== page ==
Lưu trữ

Thứ Tư, 3 tháng 3, 2021

Cassava breeding in Vietnam

 


Vietnam's cassava industry, with over one billion dollars in export turnover each year, is experiencing the CMD cassava mosaic virus disease.“Guiding farmers to buy disease-free KM419 cassava is the safest and most economical solution compared to the current situation of cassava leaf mosaic infection”, the official dispatch of the Ministry of Agriculture and Rural Development, the Department of Food Protection. No. 1068 / BVTV TV dated May 3, 2019 "Regarding the use of KM419 cassava varieties in production" identified. The effective solution to select Vietnamese cassava varieties is to use KM419 cassava with high starch yield, disease-free, and continue to cross-breed with existing CMD-resistant cassava varieties. 
 

In 2020 (MARD & DARD Tay Ninh, 11/24/2020) in Tay Ninh, the area of KM419 planting in Winter-Spring crop is 54%, Summer-Autumn crop 62%, and Mùa crop 80.7% . In 2016, (before the CMD epidemic) Two main cassava varieties KM419 and KM94 accounted for 38% and 31.7% of the total area of Vietnamese cassava, respectively (RTB CGIAR Newsletter 2016 http://www.rtb.cgiar.org/2016-annual-report/assessment-reveals-that-most-cassava-grown-in-vietnam-has-a-ciat-pedigree/?fbclid=IwAR0H4zQAeZq89ioYRhx_B2nL8oG52Lp6Jfdi8qASJKkAQcdF7yYpu0oqU1Y


see more Cassava varieties KM419 and KM440 Phu Yen https://youtu.be/XDM6i8vLHcI and https://hoangkimlong.wordpress.com/category/chon-giong-san-khang-cmd/).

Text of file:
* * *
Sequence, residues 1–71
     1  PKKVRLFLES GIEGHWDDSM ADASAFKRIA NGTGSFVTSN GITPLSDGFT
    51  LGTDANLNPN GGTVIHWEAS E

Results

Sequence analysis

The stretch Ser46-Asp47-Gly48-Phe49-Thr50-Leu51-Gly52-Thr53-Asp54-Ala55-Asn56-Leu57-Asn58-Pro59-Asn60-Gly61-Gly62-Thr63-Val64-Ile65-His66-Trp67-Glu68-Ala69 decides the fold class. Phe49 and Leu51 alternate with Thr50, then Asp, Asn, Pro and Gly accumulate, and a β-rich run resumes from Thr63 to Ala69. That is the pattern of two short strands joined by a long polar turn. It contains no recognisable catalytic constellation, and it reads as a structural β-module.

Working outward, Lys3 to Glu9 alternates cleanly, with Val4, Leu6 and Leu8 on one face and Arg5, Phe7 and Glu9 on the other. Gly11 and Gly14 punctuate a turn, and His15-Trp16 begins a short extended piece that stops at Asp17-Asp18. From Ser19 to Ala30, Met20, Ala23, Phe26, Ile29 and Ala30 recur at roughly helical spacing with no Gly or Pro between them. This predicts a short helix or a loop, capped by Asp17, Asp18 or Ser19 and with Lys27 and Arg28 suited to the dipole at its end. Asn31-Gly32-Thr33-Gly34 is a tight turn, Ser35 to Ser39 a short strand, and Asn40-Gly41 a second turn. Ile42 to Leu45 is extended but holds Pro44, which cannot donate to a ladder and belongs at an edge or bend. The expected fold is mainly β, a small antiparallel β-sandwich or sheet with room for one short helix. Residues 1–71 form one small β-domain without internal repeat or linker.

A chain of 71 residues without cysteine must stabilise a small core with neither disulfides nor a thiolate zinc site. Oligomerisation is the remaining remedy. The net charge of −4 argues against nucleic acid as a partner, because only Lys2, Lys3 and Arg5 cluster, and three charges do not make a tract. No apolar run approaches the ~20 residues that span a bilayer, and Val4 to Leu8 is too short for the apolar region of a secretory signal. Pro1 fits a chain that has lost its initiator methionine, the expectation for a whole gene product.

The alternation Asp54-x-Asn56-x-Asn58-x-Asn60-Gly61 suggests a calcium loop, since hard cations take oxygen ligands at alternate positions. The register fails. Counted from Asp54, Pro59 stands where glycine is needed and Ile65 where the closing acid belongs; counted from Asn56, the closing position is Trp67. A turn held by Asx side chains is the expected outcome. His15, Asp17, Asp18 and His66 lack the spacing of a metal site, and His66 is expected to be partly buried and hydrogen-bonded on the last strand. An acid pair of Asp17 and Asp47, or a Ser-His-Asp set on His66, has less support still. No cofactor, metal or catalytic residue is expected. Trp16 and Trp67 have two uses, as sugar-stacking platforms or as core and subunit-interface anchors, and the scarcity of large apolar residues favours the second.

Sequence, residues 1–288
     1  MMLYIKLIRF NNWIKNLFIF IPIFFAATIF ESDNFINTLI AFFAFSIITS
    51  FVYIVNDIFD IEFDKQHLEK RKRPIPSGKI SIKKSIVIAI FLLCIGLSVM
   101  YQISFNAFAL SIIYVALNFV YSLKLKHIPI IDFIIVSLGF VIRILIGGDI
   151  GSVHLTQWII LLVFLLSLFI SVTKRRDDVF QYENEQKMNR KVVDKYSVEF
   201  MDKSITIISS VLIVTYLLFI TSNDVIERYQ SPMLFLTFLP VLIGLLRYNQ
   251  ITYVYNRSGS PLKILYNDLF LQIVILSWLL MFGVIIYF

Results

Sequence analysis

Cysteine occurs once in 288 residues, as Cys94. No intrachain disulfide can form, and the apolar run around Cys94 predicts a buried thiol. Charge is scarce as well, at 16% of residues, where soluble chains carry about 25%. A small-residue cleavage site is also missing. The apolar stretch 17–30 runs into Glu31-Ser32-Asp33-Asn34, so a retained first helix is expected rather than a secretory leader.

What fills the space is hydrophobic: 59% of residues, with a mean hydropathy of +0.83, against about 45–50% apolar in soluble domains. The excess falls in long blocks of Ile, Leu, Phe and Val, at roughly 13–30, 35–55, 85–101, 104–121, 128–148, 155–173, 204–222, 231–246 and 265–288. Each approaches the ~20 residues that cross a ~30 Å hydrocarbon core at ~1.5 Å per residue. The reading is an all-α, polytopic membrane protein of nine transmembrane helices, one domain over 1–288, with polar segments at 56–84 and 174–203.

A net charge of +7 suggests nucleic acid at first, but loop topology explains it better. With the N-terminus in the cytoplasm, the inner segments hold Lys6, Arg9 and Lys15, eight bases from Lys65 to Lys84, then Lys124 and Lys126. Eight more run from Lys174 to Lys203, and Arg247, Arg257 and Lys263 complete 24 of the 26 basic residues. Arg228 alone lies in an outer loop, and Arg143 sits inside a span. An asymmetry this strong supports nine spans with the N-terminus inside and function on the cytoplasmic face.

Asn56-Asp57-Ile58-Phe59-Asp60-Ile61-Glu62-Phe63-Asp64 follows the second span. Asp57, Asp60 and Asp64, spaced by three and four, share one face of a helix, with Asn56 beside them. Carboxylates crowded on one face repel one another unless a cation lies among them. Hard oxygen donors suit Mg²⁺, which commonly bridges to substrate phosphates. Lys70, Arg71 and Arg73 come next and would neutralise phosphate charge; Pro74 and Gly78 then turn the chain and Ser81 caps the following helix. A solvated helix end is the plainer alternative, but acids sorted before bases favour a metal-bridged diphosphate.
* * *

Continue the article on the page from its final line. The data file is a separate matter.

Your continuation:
Thứ Bảy, 15 tháng 8, 2020

New progress in cassava breeding

New progress in cassava breeding 
Hoàng Kim
Congratulations to Dr. Jonathan Newby on new progress in cassava breeding: Sustainable solutions to cassava diseases in Southeast Asia. Webinar Series: No 1 Progress in developing commercially viable CMD varieties for Asia. Excellent information. Best regards.

See more at https://cassavadiseasesolutionsasia.net/webinar-series/
I have two questions:

1) What is the cassava variety that is resistant to CMD in the picture above? How is it related to genetic origin for the cassava variety KM419?

2) How does this cassava variety compare the starch yield with the current KM419 and KM94 cassava which accounts for 42% and 31% of the Vietnamese cassava area? Thanks.

see more Quản lý bền vững sắn châu Á https://hoangkimvn.wordpress.com/2020/08/15/quan-ly-ben-vung-san-chau-a/http://fa.hcmuaf.edu.vn/hoangkimlonghttps://cnm365.wordpress.com/category/chao-ngay-moi-15-thang-8;

FOOD CROPS NEWS
New progress in cassava breeding.


Researchers help inform cassava breeding worldwide By Matt Hayes | August 24, 2020 see more https://news.cornell.edu/stories/2020/08/researchers-help-inform-cassava-breeding-worldwide